When the new detectives in charge of Ursula’s case showed the photos to Ursula’s family, it proved the breakthrough they needed to close the case. 

“I got up, I went and sat on the end of the bed,” Ursula’s father Peter told Australian Story in 2019. “I couldn’t handle it. It’s been so long, so hard. And there it was sitting in front of me.”

Working with a broken system 

Other successful matches came from Operation Firenze, but it was a huge workload, and the Ursula Barwick inquest heard it was significantly understaffed, with less than half the recommended officers.

The operation was wound up in 2015 despite not being completed. Missing persons staff continued to try to find matches between long-term missing people and unidentified remains, but they were working with a system that had still not been fixed.

Missing Persons Unit team leader email to management — July 2017:

“It is now at a critical point where the team are really not in a position to do their job accurately … 

“We are unable to accurately match bodies/remains with long-term missing in NSW and around Australia if the data in each of the databases is incorrect …

“We have dropped the ball and fallen so far behind with technology and advancements …”

Data entry error lists Ursula as ‘located’

Loren from the Missing Persons Advocacy Network described the evidence heard at Ursula’s inquest as “unfathomable”. 

Aside from there being lost files, incomplete databases and a lack of investigation from day one, the court heard Ursula was mistakenly marked as “located” for five years, seemingly due to a data entry error.

“After 34 long years, the police are finally being held accountable for the catastrophic failures that Ursula’s case has highlighted,” Loren says.

The inquest heard the detective who was assigned her case between 2002 and 2014 did very little to investigate. He did not take statements from family members or source a photograph when the original went missing.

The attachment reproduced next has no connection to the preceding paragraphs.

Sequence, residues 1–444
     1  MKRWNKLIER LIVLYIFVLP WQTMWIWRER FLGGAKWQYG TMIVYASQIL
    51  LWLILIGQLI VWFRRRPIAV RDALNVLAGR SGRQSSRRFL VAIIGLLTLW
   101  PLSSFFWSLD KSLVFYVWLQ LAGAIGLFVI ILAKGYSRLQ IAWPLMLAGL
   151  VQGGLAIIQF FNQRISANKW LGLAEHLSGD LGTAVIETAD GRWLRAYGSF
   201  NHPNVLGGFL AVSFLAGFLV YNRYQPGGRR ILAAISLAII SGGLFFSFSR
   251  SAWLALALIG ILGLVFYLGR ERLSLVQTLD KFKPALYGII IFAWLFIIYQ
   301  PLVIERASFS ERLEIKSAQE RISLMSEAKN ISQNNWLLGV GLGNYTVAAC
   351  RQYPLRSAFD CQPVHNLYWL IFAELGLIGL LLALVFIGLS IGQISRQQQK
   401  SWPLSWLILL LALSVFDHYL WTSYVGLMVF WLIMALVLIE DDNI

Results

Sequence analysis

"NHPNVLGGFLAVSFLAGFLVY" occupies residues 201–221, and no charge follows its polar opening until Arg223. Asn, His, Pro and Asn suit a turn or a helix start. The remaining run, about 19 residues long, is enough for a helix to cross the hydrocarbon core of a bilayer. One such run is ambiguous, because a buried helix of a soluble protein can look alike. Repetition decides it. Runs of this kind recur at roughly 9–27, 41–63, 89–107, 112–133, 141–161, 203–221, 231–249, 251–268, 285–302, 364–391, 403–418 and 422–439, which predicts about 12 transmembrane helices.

Inquest, February 2021:

Officer-in-charge, 2002-2014: “Unfortunately I can only say it was due to prioritisation of other work which pushed this case down.”

“It’s a real kick in the guts because families are looking to the authorities for support and guidance,” Loren says.

The NSW Police Force was approached for comment but declined to make a statement prior to the coroner’s findings. They are due in August 2021. 

Since Ursula’s case has come to light, the NSW Police Force has restructured the previous Missing Persons Unit. Earlier this year it also launched initiatives to collect DNA from families in the hope that matches could be made.

In August 2020, the National DNA Program for Unidentified and Missing Persons was launched through the Australian Federal Police.

“The fact that it will bring answers to countless families around the country is very exciting, it’s long overdue,” Loren says. 

“We just hope that all of the police jurisdictions collaborate and get involved so that they can give families the answers that they deserve.”

For Ursula’s family, the inquest into her disappearance and subsequent investigation has been a long time coming.

“If they had done their job back then, like they’ve done now, it would have made our life a lot easier … easier to live with the facts,” Elizabeth Barwick says.

“I feel very frustrated that other families are going through what we did unnecessarily because the system should have been fixed by now.”

Watch Australian Story’s ‘Forever Young’ 8:00pm on ABCTV, iview and YouTube.